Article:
As the strike has dragged on, union merchandise has started to inch toward the ubiquity of New Yorker tote bags. Since WGAStrikeShirts began selling apparel, actors like Ike Barinholtz and Tatiana Maslany and filmmakers like Nick Stoller have been spotted on the picket line sporting message shirts. Jason Sudeikis recently turned up to support the strike in New York in a “Writers Guild on Strike” baseball hat, and the black SAG-AFTRA shirts given to members have also been a popular picket line choice: Zoe Kazan, Paul Dano and Christian Slater have all recently appeared in theirs. This week, because of the extreme heat, SAG-AFTRA began handing out white T-shirts that Mandy Moore, Vanessa Hudgens and others immediately took to the streets.

Personal style has long been a way to express political or social affiliation, but what one wears to the picket line is especially important: By wearing matching union gear, workers become a visual representation of the solidarity they’re attempting to reflect.

“Especially with a strike or any kind of solidarity event, you want to have a visual impact and show the strength in numbers,” said Sara Tatyana Bernstein, a fashion and cultural studies professor who co-founded Dismantle magazine. “Clothing is often expressing individuality and expressing your personality. In this case, it’s more about expressing your community and collective power rather than individuality.”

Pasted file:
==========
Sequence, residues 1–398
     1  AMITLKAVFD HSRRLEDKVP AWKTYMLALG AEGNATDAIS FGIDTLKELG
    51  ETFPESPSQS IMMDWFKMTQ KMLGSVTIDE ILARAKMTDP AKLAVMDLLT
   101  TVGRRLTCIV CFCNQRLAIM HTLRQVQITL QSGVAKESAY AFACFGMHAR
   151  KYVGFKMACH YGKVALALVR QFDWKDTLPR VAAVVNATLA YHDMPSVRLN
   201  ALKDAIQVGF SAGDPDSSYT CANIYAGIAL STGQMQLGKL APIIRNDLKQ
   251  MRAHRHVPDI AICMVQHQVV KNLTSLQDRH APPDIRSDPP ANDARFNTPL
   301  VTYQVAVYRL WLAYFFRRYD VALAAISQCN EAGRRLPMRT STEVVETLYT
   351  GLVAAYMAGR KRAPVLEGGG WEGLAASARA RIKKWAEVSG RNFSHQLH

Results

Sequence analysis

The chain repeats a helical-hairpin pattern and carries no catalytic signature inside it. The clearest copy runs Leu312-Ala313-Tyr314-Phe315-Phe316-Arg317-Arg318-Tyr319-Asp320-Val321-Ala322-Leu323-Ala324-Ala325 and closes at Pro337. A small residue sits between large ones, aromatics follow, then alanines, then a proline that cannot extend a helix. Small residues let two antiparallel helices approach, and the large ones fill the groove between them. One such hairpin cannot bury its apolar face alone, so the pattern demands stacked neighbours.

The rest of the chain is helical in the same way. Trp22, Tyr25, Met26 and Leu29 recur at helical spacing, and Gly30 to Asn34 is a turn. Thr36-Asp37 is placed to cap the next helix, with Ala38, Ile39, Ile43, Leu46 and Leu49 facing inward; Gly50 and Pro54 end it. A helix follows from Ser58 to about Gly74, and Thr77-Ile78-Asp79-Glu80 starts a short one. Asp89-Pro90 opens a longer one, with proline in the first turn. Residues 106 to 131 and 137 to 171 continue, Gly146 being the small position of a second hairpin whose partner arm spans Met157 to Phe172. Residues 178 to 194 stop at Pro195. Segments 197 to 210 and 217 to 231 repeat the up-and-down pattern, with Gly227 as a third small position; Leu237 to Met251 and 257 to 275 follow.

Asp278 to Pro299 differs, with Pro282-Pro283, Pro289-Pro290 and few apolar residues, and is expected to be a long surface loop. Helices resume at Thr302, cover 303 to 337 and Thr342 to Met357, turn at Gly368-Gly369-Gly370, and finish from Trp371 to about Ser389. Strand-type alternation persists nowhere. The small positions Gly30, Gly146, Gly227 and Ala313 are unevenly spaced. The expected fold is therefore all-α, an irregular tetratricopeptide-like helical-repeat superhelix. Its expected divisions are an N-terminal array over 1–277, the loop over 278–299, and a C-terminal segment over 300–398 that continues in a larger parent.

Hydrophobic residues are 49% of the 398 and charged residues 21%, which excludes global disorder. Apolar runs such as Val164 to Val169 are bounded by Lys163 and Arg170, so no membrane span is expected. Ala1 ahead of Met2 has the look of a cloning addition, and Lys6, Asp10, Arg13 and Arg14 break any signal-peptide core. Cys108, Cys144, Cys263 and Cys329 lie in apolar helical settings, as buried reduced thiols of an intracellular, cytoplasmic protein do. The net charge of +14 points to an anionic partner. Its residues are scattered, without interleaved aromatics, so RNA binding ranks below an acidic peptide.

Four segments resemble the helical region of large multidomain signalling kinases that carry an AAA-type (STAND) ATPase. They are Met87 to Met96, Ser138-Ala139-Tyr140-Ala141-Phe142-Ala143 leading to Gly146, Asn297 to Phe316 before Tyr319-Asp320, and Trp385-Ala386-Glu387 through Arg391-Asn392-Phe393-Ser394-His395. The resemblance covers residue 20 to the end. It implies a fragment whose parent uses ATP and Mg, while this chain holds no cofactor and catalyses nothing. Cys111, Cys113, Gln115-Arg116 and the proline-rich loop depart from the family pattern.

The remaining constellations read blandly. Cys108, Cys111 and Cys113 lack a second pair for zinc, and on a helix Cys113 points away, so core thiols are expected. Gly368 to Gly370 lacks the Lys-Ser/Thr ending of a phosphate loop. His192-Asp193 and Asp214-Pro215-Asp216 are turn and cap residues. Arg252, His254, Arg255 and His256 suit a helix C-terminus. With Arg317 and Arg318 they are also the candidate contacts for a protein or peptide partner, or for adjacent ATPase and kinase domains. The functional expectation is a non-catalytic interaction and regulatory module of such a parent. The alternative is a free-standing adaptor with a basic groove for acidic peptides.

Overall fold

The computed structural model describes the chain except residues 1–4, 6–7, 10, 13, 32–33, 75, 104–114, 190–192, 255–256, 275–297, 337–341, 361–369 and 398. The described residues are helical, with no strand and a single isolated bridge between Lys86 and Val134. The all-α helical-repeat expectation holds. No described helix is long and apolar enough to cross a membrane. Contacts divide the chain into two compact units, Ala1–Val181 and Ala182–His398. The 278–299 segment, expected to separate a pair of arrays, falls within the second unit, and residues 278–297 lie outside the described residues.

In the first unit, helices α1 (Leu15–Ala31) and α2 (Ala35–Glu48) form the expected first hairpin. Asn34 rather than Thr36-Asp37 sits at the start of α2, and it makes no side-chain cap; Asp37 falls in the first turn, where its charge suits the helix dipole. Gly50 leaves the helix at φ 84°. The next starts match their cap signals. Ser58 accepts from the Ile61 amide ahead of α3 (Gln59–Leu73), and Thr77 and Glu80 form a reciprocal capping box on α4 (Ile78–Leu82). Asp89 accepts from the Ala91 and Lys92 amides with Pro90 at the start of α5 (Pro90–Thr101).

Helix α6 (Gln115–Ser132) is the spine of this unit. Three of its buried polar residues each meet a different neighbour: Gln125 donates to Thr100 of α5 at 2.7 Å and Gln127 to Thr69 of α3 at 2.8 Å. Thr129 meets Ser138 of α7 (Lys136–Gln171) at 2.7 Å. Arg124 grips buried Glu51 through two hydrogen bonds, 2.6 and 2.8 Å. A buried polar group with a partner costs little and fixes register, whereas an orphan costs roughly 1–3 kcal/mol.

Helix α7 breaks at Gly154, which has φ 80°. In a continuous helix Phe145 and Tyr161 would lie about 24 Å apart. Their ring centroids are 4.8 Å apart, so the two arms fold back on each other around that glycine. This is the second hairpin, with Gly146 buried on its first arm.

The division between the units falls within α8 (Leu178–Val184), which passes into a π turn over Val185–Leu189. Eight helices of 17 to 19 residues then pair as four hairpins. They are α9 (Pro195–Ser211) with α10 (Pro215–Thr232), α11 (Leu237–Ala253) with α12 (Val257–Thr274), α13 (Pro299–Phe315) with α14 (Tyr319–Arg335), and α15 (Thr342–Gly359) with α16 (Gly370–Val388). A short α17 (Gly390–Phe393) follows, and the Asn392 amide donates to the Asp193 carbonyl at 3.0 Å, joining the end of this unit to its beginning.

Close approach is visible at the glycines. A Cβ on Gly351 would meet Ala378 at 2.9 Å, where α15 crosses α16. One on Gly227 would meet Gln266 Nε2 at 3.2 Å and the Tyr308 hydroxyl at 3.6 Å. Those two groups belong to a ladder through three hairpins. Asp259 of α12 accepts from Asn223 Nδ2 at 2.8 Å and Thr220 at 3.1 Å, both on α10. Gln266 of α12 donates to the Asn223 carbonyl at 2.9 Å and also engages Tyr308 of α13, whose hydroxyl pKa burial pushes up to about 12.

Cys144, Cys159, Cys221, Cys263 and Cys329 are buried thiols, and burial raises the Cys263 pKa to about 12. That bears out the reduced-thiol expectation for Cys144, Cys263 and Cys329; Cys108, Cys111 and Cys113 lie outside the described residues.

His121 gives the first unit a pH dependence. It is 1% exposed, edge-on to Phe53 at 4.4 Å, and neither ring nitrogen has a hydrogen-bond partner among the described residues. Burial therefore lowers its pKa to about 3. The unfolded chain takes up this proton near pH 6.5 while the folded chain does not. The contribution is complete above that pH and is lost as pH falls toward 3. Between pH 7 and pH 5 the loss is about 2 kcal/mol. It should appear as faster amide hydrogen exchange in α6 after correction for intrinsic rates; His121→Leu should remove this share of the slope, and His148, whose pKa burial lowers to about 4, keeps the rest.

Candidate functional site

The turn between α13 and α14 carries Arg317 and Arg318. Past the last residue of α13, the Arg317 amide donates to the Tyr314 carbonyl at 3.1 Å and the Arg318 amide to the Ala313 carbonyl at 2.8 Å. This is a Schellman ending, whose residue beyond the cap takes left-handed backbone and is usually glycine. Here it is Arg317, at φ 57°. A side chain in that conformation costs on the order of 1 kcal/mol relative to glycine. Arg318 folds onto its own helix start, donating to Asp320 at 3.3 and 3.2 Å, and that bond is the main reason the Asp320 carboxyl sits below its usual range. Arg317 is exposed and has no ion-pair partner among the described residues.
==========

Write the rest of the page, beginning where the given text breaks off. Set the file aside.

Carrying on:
Fashion, Professor Bernstein said, has always been a cornerstone of political expression, particularly when it comes to union action. She pointed to the 1937 department store strikes in New York City, where Woolworth workers wore their uniforms while sitting down on the job, as well as the French Revolution, during which slogans were sewn into expensive waistcoats to signal solidarity with the revolutionaries. She said the slogan T-shirts worn on the picket lines of this summer’s strikes were a contemporary extension of those practices.

Yet figuring out exactly where to buy T-shirts that support labor movements can pose a bit of a dilemma, especially when it comes to secondhand shopping. Vintage union T-shirts have long been a hipster favorite, but many secondhand sellers have become wary of peddling them for fear of being accused of making money off a cause they weren’t a part of.

“Selling vintage New York City Union merchandise, specifically labor unions, is a sensitive subject with union workers,” said Kevin Fallon, the owner of the popular online vintage store Fantasy Explosion, which recently opened a brick-and-mortar outpost in Brooklyn.

“In the past I received DMs and emails requesting I stop selling it because they were afraid of impersonators on job sites and the stolen valor,” he added, “so I try not to sell N.Y.C. labor union stuff anymore.”

For the team behind WGAStrikeShirts, transparency is key. The shop prominently advertises that it is run by W.G.A. members, with proceeds going to the support fund. And though each shirt is not created in a union shop, they are screen-printed in one, and all of the financials are disclosed in a Twitter thread every month.

Wearing matching union merch to the picket lines and beyond has helped bring a feeling of solidarity among writers who frequently work alone. The best thing about wearing them, Mr. Clancy said, is that “you get people out of the woodwork that say, ‘I support you, I stand with you.’ You also get people asking you questions like: ‘Why is the guild on strike? Why don’t you guys just make a deal with the studio?’”

“Every time that happens, he said, “it gives you an opportunity to explain.”